Saturday, October 02, 2010

How the Internet works: IP Packets, Routers and LANs

In a previous post I described TCP/IP. In this post I'll focus more on the lower layers of the protocol stack: the IP layer and below. One key thing to understand is that the Internet is built on a single simple idea: the IP Packet.

So what is it?

An IP Packet is lot like a letter you send via the post office. In the case of IP Packets of course, we're really talking about an array of bytes in your computer memory, not a physical piece of mail. But there really are many similarities. In both case you have a From Address, a To Address, and inside it carries some contents that you want delivered at the other end.

With both IP Packets and Letters, once you send it you no longer have any control over it - it's out of your hands. It goes into the delivery system and you depend on that delivery system to get it where it's supposed to go. There is a small chance it could get delivered to the wrong place, or lost completely. The contents could be examined by some third party, damaged so that they are unreadable, or even intentionally altered by some unscrupulous party before being delivered. There are protections against each of these bad outcomes, which I'll talk about in a later post.

In the case of a letter, you write the from and to addresses on the outside of the envelope and place the contents inside the envelope. IP Packets have a similar idea. An IP Packet starts life as just a sequence of bytes in your computer memory. Typically the first 20 bytes or so are used like the outside of an envelope. This part of the packet is called the "IP Header". This is where the from and to IP Addresses are placed. IP Addresses are 4 bytes each(*), so those take up 8 of the 20 bytes. Some of the other bytes in the header are used by the delivery system for housekeeping. As an analogy, recall that the outside of an envelope has a stamp, and the postal service adds a post mark. Similar idea.

After the IP header, we place the bytes of the payload - the thing we want to get delivered to the recipient. Once we've got the payload, and the header constructed, we need to send it. With letters we need to get them to the post office. The equivalent in the IP World is your local Router. The Router is responsible for looking at the destination IP address and figuring out where to send the packet next. That next hop is likely another Router that is one step closer to the recipient (just as your local post office might send the letter to another postal facility to be sorted and forwarded on towards the destination address).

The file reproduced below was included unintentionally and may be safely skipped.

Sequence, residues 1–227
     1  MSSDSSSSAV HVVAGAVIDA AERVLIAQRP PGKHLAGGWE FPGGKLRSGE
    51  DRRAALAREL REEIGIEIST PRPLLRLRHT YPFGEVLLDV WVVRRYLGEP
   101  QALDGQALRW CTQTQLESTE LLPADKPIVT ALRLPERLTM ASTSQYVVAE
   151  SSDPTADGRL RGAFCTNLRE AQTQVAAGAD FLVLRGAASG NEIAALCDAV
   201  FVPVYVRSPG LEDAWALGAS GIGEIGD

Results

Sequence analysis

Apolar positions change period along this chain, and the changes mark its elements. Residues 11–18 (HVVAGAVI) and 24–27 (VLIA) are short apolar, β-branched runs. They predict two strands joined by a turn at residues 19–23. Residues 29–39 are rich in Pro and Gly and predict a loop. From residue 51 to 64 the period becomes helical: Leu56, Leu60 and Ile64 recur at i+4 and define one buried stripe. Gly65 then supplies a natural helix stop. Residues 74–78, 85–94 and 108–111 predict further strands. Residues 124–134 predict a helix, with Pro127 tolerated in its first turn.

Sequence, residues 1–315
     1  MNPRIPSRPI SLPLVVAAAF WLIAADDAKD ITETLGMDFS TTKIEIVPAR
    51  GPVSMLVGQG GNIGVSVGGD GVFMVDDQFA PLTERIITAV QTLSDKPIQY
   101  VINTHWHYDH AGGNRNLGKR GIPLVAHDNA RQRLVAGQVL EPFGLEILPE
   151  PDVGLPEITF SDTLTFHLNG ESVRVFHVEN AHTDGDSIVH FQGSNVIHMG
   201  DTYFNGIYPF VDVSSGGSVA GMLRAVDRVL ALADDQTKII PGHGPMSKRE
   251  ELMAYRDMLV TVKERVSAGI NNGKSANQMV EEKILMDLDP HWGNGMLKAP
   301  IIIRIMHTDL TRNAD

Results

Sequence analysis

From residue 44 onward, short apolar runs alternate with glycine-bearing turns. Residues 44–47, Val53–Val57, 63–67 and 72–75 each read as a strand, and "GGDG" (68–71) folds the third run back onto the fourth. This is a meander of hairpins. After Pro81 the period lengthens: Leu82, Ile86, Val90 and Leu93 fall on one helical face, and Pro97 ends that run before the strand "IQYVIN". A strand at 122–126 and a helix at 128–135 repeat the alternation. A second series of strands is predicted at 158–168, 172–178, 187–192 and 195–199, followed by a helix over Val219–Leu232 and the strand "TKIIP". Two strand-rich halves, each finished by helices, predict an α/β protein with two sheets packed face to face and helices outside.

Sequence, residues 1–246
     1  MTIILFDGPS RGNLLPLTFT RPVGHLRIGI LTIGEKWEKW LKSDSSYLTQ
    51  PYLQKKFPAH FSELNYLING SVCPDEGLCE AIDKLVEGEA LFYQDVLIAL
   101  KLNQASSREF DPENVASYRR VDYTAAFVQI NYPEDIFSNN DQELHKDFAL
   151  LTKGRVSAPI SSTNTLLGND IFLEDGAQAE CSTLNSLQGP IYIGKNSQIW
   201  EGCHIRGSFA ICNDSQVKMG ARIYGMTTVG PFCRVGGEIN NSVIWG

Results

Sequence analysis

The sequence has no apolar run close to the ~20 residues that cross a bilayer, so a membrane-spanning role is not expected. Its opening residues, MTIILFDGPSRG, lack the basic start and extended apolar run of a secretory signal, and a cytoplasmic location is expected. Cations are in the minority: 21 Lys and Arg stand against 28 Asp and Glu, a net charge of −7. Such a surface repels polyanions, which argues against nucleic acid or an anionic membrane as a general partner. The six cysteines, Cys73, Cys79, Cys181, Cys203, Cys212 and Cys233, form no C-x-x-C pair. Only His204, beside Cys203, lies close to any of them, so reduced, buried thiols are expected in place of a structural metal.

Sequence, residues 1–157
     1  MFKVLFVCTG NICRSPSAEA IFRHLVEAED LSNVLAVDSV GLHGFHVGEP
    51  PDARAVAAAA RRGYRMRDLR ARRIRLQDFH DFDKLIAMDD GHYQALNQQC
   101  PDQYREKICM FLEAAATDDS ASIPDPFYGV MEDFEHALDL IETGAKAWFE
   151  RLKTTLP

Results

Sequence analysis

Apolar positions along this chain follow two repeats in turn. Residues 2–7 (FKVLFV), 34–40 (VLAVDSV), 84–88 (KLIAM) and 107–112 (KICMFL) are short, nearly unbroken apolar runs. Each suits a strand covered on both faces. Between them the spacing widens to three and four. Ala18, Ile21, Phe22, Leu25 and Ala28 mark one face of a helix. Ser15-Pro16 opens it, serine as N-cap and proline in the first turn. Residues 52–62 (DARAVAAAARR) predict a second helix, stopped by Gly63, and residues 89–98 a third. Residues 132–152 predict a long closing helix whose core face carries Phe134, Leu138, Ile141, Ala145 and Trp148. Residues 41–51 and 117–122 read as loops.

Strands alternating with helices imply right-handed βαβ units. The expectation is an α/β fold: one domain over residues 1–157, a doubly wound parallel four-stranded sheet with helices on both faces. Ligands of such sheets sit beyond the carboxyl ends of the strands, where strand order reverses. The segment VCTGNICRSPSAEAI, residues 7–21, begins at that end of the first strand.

The way we get the packet from your computer to your local Router is over your local area network (WiFi or Ethernet). If you are hooked up directly to a DSL/Cable Modem, then your "local" Router is really a router located at your Internet Sevice Provider. The main idea here is that you can send the IP Packet to the Router directly over the underlying networking media, whether that is Ethernet, WiFi, DSL, or Dial-up. There is a whole other story on how the packet gets delivered over this media to the router, but for now just think of this media as your local mailman who picks up the letter and carries it to the post office (i.e. to the local Router). I can go into more details on Ethernet, WiFi, DSL etc. in a future post.

Now that the packet has been constructed in your computer memory, and carried to your local Router via your local networking media, the Router gets to work. It looks at the destination IP address, and matches this against a set of configured rules in a table. The rules are called "IP Routes", and the table is called the "IP Routing Table". By matching the destination IP address against the IP Routes, the Router figures out the next place to send the packet. We call this the "next hop". The next hop is going to be another Router that will repeat the same process. Your IP packet might hop through a dozen Routers. Finally it reaches a Router that can talk directly to the recipient, and that becomes the final "next hop". The packet is sent from that final Router to the destination over the local networking media, just like the mailman delivering mail.

The recipient (destination computer) opens up the packet. It can see the senders IP address, and it can read the contents. It's at this point that IP will hand the contents off to some higher layer protocol like TCP or UDP. IP has done it's job which is to get the contents of the packet from the sender to receiver. Any replies that go back to the sender will be determined by a higher layer protocol. For example, TCP may want to send an acknowledgment of the received packet. It will do this by forming yet another IP packet, with the original sender's IP address now placed in the new packet's IP header as the destination IP address (just like you would reply to someone who sent you a letter by sending them back a letter with the from/to addresses reversed).

In the world of TCP/IP networking there are a lot more details, more protocols, more ideas, as well as info on how you can write programs to directly use the TCP/IP protocol stack. There are entire books, and series of books on these subjects, but I hope in this post I've at least given you a flavor of how the Internet really works under the hood.

(*)Note: What I'm describing in this post is IP Version 4 (what the Internet is built on today). There is a new version of IP called IP Version 6 that will work in a very similar way, but has a very different IP header. For instance, in IPv6, IP addresses are 16 bytes each, instead of 4 bytes each. I'll talk more about IPv6 in a future post.

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